HARARE – South Korean ambassador to Zimbabwe Cho Jaichel has committed himself to marketing the country’s tourism products in the Asian global economic giant after being charmed by its beauty.
He said this after paying a courtesy call to the offices of the Associated Newspapers of Zimbabwe (ANZ) whose flagship publication, the Daily News he says was his favourite local daily.
He was hosted by ANZ managing director Sharon Samushonga, group editor-in-chief Hama Saburi and chief operating officer Jacob Chisese.
South Korea prides itself with a successful economy which has created a huge, versatile middle class and spurred the Far East nation’s outbound travel.
After falling out with its traditional western market largely over the southern African country’s chaotic land reform programme in 2000 and its tattered human rights record, Zimbabwe has been struggling to attract visitors, not only from the growing global tourism industry, but also from the lucrative Asian market.
According to latest statistics from the ITB World Travel Trends Report for 2016/17, which analyses current developments in global tourism source markets, South Korea contributed at least 20 million outbound tourists in 2016 alone.
Cho disclosed that according to official figures from his office, 20 000 Koreans visited Zimbabwe last year, which means Zimbabwe’s share of the Korean outbound tourism market stands at a paltry 0,038 percent.
“Zimbabwe has great tourist attractions such as the Great Zimbabwe, Nyanga and the Victoria Falls. I am promoting your country’s tourism products to Korea, I have a plan to introduce Korean people to Zimbabwe,” he said.
“I sincerely believe that Zimbabwe has great tourism potential. Every day, I say to people of my country you must see the Victoria Falls. Zimbabwe is beautiful everywhere. I saw the Great Zimbabwe on pictures before I came here, but I never thought the walls are that big. Now I have been there and I want to be there again,” he added.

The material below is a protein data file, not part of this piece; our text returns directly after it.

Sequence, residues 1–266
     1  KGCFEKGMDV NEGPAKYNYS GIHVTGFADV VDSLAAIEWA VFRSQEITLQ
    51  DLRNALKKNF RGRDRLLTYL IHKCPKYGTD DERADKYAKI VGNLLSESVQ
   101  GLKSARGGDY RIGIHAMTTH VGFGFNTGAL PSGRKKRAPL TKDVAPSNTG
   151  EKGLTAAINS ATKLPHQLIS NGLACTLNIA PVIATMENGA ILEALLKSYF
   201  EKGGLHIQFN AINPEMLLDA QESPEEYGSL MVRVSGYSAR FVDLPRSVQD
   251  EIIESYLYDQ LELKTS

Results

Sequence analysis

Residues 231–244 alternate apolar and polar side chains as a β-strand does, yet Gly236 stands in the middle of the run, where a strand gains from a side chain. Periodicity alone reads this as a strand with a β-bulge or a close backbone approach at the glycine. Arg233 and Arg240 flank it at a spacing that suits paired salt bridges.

Cho, who is fascinated by bridges, said Zimbabwe should do more to promote bridge tourism which is a hit in Asia and Europe.
“I am attracted most to the Victoria Falls bridge. I am in fact a bridge enthusiast and everywhere I go, I try to find good bridges to watch them. The Victoria Falls bridge is a very fascinating one and can attract tourists from every part of the world. I have sent pictures of it back to my country and they have fallen in love with it in a big way,” he said.
Besides the historical bridge upon which crucial talks were often held during the time of the liberation struggle, Zimbabwe has many more other iconic bridges like Birchenough Bridge — one of the most photographed man-made landmarks in the country — and the Beit Bridge.
The two bridges are built across the expansive widths of the great Save and Limpopo Rivers.
Cho, however, suggested that Zimbabwe needs to do a lot more to make its tourist destinations more popular and improve access.
“I think there is need to have more travel agents stationed in market countries who can advertise the tourism products of the country. You also need to improve on access to these resorts. For example, if you go to Korea, as soon as you land at the airport, you are spoilt for choice in terms of transport ranging from subways, boats and conventional buses. So you need improved systematic linkages so that the areas can be accessed more easily,” he said.
“You already have the distinct advantage of a constantly pleasant weather unlike in Asia where the weather is either too hot or too cold. Some of the Korean people that have visited Zimbabwe have told me of the warm hospitality by the kind and very good people. So I will be marketing your country on these and other basis,” he said.
Cho was posted as Korean ambassador to Zimbabwe in April last year and presented his diplomatic credentials to the then president Robert Mugabe in August.